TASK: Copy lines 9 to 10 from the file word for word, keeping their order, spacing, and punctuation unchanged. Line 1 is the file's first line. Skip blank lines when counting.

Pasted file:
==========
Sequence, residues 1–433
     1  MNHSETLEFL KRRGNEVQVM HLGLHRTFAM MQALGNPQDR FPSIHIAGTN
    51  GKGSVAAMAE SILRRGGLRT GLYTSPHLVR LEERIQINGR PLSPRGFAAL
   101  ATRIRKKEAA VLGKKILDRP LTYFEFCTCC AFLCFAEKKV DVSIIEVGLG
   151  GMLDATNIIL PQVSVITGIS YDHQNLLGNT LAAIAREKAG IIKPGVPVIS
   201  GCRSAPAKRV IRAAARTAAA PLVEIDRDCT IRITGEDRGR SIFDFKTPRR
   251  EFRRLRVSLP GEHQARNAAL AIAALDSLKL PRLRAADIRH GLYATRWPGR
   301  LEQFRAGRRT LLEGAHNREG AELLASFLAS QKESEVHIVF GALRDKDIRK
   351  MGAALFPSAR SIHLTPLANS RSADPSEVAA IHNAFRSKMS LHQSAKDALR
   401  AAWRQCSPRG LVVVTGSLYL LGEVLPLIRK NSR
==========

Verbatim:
   351  MGAALFPSAR SIHLTPLANS RSADPSEVAA IHNAFRSKMS LHQSAKDALR
   401  AAWRQCSPRG LVVVTGSLYL LGEVLPLIRK NSR